What is learning?
The dictionary defines learning as “acquisition of knowledge or skills through experience, study or being taught.”
I don’t agree. That definition doesn’t go far enough.
Acquisition of knowledge and skills doesn’t mean much without action. If you never change your behavior, have you really learned?
We all “know” that we should eat right, exercise often and get enough sleep and hydration. But have we really learned this if we never change our behavior?
Today’s media has seen an explosion of information as entertainment.
You can “learn” cooking, home remodeling, medicine, yoga and how to play piano on TV, Facebook and YouTube. We can all DIY everything!
(Note: just make sure you take me to a real doctor when I have a broken leg.)
I believe that to learn is to change.
The change happens from the inside at first. There’s a shift in perspective, understanding and mindset. A new mental model emerges.
A new possibility has come into view. Perhaps one that was not known before, or impossible to even understand.
Then change happens in action and behavior.
Let’s say you want to learn budgeting.
We all know we should live within our means, spend less frivolously, track and reduce expenditures, and save something for the future. But, knowing and doing are two separate things. It’s the difference between discovery and truly learning.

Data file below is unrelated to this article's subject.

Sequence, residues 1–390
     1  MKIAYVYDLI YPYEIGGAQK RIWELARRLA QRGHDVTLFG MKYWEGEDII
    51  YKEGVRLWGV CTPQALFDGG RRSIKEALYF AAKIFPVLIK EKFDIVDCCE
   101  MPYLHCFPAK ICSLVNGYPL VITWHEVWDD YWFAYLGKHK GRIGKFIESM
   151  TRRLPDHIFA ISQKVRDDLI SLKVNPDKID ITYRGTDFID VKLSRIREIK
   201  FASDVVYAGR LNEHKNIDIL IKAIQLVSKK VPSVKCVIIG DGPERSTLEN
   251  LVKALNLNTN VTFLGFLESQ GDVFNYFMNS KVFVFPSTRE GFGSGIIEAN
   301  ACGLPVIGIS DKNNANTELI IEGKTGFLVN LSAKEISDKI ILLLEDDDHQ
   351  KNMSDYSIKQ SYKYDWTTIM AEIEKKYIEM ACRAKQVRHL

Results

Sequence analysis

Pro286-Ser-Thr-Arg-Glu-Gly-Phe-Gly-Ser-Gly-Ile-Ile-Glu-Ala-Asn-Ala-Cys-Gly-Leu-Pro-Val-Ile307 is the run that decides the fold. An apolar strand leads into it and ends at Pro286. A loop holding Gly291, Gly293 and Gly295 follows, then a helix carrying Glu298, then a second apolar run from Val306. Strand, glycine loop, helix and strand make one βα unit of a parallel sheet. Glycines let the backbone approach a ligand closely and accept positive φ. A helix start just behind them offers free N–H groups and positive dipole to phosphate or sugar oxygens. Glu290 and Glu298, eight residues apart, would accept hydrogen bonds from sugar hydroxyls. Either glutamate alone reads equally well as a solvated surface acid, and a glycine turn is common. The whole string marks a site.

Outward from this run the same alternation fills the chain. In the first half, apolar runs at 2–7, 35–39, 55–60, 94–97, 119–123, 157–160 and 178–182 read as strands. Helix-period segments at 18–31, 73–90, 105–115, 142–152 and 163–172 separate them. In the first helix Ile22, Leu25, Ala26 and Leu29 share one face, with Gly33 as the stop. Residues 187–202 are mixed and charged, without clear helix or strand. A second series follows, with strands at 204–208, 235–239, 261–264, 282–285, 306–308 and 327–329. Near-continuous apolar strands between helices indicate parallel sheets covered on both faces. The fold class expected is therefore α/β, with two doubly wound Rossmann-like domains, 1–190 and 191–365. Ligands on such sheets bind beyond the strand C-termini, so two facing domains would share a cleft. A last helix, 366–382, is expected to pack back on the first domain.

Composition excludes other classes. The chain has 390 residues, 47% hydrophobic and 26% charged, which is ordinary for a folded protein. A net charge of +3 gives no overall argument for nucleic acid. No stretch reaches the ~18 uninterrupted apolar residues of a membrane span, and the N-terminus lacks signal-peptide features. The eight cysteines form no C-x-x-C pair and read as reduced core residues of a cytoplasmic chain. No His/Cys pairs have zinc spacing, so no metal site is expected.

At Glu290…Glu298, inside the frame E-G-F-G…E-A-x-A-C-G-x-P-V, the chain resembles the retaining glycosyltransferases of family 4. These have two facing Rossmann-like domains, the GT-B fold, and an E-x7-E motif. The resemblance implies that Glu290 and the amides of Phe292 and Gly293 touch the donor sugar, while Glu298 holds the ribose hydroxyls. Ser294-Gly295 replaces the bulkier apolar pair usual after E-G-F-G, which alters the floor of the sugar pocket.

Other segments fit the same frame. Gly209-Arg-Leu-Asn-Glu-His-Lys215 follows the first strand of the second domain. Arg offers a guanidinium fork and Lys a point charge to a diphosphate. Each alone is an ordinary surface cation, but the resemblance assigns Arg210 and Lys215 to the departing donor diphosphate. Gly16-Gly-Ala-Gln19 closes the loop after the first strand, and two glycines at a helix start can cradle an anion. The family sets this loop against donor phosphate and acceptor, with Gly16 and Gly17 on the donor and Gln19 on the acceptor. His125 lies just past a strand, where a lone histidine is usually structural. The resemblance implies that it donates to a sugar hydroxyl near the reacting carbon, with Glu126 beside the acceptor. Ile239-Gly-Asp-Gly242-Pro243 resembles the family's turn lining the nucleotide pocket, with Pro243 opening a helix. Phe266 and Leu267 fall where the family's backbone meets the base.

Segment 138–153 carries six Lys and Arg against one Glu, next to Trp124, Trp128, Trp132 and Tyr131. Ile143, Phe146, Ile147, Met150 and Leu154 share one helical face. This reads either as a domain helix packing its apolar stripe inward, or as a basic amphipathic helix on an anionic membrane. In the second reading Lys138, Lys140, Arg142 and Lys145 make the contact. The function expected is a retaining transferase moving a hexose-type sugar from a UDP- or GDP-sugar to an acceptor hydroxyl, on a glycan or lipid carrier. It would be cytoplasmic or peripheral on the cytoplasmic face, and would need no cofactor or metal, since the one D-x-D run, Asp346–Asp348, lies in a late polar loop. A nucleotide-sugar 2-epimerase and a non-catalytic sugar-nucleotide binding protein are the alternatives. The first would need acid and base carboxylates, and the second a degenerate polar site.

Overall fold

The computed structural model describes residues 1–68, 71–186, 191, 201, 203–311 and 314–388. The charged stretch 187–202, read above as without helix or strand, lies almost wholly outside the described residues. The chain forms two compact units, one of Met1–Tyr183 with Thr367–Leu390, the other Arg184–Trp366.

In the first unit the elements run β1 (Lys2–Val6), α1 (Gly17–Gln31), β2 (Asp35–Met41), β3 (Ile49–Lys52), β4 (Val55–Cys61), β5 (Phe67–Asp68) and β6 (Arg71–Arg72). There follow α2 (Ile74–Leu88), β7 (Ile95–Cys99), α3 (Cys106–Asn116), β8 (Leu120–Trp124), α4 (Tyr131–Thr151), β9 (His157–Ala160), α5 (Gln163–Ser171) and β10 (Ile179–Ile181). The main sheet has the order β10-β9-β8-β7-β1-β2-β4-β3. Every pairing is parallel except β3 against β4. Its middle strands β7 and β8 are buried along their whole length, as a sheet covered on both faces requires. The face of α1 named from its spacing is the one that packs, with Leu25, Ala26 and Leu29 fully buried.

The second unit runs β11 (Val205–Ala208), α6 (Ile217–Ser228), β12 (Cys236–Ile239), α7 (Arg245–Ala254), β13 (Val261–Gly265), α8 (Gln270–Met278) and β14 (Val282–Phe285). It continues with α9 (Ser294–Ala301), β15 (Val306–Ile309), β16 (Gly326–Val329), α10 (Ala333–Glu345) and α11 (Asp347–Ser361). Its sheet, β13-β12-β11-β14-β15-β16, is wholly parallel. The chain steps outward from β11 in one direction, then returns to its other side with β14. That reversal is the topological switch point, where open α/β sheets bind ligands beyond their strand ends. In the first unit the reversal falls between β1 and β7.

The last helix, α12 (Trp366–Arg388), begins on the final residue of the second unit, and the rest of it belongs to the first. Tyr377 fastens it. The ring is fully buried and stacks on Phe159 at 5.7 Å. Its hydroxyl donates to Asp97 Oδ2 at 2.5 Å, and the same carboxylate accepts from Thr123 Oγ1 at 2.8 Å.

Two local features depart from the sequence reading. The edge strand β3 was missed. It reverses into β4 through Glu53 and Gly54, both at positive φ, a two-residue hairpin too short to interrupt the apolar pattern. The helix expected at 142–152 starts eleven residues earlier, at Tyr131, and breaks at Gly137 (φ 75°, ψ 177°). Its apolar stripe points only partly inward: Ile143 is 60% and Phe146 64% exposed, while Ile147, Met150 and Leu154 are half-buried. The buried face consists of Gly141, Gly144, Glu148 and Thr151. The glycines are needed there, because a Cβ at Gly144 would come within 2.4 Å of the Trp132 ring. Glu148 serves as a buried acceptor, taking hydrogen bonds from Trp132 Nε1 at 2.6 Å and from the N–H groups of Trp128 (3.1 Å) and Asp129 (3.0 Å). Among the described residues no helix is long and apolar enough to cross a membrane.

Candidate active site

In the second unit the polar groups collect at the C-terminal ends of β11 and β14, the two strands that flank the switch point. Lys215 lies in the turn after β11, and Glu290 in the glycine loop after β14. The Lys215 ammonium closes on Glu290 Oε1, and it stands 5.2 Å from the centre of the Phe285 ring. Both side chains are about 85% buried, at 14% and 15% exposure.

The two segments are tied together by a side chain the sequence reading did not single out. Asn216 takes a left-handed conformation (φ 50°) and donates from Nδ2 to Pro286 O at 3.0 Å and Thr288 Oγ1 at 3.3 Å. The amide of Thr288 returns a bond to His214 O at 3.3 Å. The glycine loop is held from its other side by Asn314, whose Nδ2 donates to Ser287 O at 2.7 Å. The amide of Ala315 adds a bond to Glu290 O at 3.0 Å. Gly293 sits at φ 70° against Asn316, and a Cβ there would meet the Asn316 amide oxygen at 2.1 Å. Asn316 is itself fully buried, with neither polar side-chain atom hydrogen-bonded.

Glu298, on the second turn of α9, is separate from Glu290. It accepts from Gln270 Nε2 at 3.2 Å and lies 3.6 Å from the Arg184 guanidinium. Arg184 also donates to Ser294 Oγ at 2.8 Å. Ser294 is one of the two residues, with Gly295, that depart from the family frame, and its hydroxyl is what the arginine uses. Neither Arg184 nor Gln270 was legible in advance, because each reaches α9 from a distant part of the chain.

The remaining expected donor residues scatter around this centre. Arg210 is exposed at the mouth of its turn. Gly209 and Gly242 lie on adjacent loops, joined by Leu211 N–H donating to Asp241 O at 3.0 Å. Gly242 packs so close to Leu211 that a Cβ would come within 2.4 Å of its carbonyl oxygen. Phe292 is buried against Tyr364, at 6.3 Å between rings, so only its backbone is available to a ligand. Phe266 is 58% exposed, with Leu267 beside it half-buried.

“Knowing” that I need a budget doesn’t mean that I’ve learned to create and use a budget.
“Knowing” that I want to continually expand my abilities as a musician, teacher, chef, swimmer, whatever… is just the start.
Even learning a new fact each day doesn’t mean much.
Only when you take the new discovery and change your actions will it lead to new outcomes.
I’ve always been a curious person, which leads me to seek new discoveries. From there, I may want to go further if the path aligns with my personal values and mission.
Or maybe I’ll do it just for fun.
This summer, I’ve been teaching my teenage son to drive. He’s so eager to do this. I’m cringing and worried sick. But, I want this to be a great experience for him. (I have pretty much blocked my own memories of my father teaching me to drive. It was definitely not pleasant.)
So we have been seeking large parking lots to practice in. Knowing how to parallel park is very different than doing it. Like playing piano, it takes practice.
The same can be said about teaching or parenting.
You can practice and get better.
First, you need some reflection on what you are doing and how it’s going.
“Without reflection, there can be no growth.”
So, in the last days of summer, I encourage you to go beyond discovery and truly seek to learn something new. Maybe it’s through one of my trainings, or something completely different.
What’s it going to be?
Let me know. I’m rooting for you!